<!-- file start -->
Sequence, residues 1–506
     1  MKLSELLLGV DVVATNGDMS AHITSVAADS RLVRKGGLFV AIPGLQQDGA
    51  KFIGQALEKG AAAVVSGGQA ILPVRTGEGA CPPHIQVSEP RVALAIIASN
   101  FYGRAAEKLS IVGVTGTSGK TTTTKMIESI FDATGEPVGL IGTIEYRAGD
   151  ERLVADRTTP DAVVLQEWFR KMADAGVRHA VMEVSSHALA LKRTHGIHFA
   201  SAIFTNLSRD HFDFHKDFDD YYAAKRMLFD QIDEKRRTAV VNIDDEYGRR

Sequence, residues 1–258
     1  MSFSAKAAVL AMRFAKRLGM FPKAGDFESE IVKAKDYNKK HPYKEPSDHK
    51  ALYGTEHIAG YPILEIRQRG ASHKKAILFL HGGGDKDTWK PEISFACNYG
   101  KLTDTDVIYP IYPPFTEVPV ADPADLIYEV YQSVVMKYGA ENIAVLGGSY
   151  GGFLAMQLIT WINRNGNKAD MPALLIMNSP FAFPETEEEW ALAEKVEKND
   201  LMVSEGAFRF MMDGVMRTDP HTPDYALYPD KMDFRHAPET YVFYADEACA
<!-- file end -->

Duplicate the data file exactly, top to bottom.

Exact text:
Sequence, residues 1–506
     1  MKLSELLLGV DVVATNGDMS AHITSVAADS RLVRKGGLFV AIPGLQQDGA
    51  KFIGQALEKG AAAVVSGGQA ILPVRTGEGA CPPHIQVSEP RVALAIIASN
   101  FYGRAAEKLS IVGVTGTSGK TTTTKMIESI FDATGEPVGL IGTIEYRAGD
   151  ERLVADRTTP DAVVLQEWFR KMADAGVRHA VMEVSSHALA LKRTHGIHFA
   201  SAIFTNLSRD HFDFHKDFDD YYAAKRMLFD QIDEKRRTAV VNIDDEYGRR

Sequence, residues 1–258
     1  MSFSAKAAVL AMRFAKRLGM FPKAGDFESE IVKAKDYNKK HPYKEPSDHK
    51  ALYGTEHIAG YPILEIRQRG ASHKKAILFL HGGGDKDTWK PEISFACNYG
   101  KLTDTDVIYP IYPPFTEVPV ADPADLIYEV YQSVVMKYGA ENIAVLGGSY
   151  GGFLAMQLIT WINRNGNKAD MPALLIMNSP FAFPETEEEW ALAEKVEKND
   201  LMVSEGAFRF MMDGVMRTDP HTPDYALYPD KMDFRHAPET YVFYADEACA